When it severed ties with the Left, it managed to cosy up to the Indian Union Muslim League (IUML), which derives its strength from the backing of the numerically strong EK faction of Samastha. The JIH’s influencing of the IUML’s political programmes had its repercussions on the Samastha. The latter’s harsh reaction in the aftermath of the JIH’s dialogue with the RSS is also a reflection of that.
As for the CPI-M exploiting the dialogue, apart from trying to deflect from pressing issues, it is very much a continuation of the politics that has played out in Kerala since the local body polls of 2020.
Casting the JIH as a threat to secularism by harking on its theocratic origins, and by attempting to paint the IUML with the same brush, the Left Democratic Front (LDF) had managed to sow the seeds of doubt in the secular electorate of Kerala — with consequences for the Congress-led United Democratic Front (UDF) as evident from the results of the 2021 Kerala assembly election.
It is another matter that all this will be conveniently sidestepped if the JIH were to extend its support to the LDF tomorrow. It was only recently that the JIH-promoted Media One channel bestowed Chief Minister Pinarayi Vijayan with the ‘Face of Kerala’ award, upon receiving which he made common cause with them, despite political acrimony.
A case of sour grapes
The JIH sent Malik Motasim Khan, one of its 13 secretaries, in the initial round of dialogue with the RSS and there is an understanding to continue the talks with more prominent leaders expected to represent these organisations in future.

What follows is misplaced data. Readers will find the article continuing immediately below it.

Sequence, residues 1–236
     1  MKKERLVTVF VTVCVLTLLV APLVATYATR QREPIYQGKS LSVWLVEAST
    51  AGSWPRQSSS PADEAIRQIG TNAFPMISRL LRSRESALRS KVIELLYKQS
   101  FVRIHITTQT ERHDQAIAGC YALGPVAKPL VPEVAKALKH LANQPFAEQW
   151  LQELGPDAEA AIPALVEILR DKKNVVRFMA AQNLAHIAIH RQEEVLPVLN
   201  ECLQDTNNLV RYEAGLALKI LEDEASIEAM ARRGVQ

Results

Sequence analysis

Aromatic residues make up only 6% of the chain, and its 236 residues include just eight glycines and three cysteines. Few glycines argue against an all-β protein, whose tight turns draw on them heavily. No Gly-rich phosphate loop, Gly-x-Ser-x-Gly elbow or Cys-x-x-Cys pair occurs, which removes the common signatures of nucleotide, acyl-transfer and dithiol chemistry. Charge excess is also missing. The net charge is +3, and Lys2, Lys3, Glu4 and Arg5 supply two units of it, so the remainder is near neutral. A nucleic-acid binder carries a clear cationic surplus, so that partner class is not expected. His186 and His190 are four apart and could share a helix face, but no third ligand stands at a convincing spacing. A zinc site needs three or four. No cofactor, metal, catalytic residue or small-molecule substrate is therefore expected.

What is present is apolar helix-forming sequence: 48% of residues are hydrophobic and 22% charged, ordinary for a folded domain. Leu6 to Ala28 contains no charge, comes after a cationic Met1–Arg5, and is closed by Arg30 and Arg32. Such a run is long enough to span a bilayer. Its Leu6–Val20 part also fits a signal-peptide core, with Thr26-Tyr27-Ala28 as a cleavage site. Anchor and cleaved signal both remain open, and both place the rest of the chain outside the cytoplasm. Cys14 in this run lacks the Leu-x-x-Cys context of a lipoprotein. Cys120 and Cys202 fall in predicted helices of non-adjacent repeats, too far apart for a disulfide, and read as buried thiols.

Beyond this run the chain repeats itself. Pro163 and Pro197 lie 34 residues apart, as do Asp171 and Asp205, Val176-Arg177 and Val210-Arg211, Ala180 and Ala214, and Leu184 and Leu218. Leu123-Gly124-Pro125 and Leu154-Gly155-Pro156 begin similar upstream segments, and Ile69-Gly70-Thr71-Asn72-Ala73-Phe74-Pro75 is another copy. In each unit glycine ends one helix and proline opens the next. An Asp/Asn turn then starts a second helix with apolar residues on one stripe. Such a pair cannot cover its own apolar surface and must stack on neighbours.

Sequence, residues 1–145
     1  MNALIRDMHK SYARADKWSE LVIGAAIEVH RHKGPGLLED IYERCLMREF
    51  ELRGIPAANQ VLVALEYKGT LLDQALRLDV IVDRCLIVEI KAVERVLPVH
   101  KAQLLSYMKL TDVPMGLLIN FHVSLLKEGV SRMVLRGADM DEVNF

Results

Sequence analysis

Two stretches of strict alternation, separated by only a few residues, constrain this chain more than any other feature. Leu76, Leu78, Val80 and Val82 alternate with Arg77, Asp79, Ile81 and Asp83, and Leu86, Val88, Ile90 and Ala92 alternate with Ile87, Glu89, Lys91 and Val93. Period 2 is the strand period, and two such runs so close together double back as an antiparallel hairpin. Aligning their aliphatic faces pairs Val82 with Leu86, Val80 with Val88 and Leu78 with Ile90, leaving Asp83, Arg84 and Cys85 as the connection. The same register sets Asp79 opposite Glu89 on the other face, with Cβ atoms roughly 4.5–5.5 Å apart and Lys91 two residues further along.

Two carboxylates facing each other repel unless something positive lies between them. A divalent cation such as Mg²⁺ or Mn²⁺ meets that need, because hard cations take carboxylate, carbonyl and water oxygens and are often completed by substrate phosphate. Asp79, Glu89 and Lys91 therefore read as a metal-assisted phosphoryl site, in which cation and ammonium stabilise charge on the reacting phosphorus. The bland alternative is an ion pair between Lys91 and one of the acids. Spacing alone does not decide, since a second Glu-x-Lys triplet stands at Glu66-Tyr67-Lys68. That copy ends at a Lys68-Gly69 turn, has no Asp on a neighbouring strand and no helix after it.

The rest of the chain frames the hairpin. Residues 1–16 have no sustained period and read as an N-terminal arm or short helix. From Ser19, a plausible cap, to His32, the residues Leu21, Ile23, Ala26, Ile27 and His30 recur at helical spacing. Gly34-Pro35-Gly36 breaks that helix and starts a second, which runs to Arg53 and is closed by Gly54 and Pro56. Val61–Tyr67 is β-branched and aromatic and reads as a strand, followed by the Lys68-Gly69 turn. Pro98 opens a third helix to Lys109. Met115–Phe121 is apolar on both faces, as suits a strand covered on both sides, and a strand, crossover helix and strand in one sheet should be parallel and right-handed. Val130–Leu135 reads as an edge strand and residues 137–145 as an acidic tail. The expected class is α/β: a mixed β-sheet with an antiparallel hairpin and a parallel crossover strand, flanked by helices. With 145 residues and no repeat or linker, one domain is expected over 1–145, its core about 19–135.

The reactions of other Muslim organisations in Kerala have been of note.
Howsoever minor the JIH’s presence might be as a representative of Muslims, it is the only such organisation to command a presence both nationally and within Kerala. Some of the reactions from the representatives of fellow Muslim organisations pointed to frustration at not being invited. Their collective sentiment is that the JIH should have at least consulted them before embarking on such an adventure.
There is also a sense of betrayal among them, especially with the confirmation that contentious issues like Kashi and Mathura featured in the discussion.
The JIH representative’s response that it wasn’t sure whether the RSS would stop at these two sites came for much criticism in Kerala, especially with the Places of Worship Act 1991 intact. Their main argument is: Who authorised the JIH to talk to the RSS on such contentious issues?
Apparently, the talks featured urgent issues such as mob lynching and bulldozer politics. The ability of the RSS to bottle the genie it has unleashed nationwide is being seriously doubted. Boxed into a corner, the JIH has been struggling to make its case.
Who in their right mind would refuse the opportunity to enter into a dialogue with the organisation that controls the government in power — this is the rationale put forward by the JIH.
In some quarters, the JIH’s explanation is being read together with the clampdown on the now-banned Popular Front of India (PFI) and the Union government’s ban on Media One — which has been stayed by the Supreme Court pending final judgment.
For now, it would become incumbent upon the JIH to stop looking down on liberal Muslims for being less doctrinaire and go easy on using labels like ‘Sarkari Mussalman’. It would also help if the JIH can reconcile its foundational goals within the framework of a secular democracy, and engage with the public on the same than deflecting the question.
The author is a Kerala-based journalist and columnist. He tweets @AnandKochukudy. Views are personal.
(Edited by Theres Sudeep)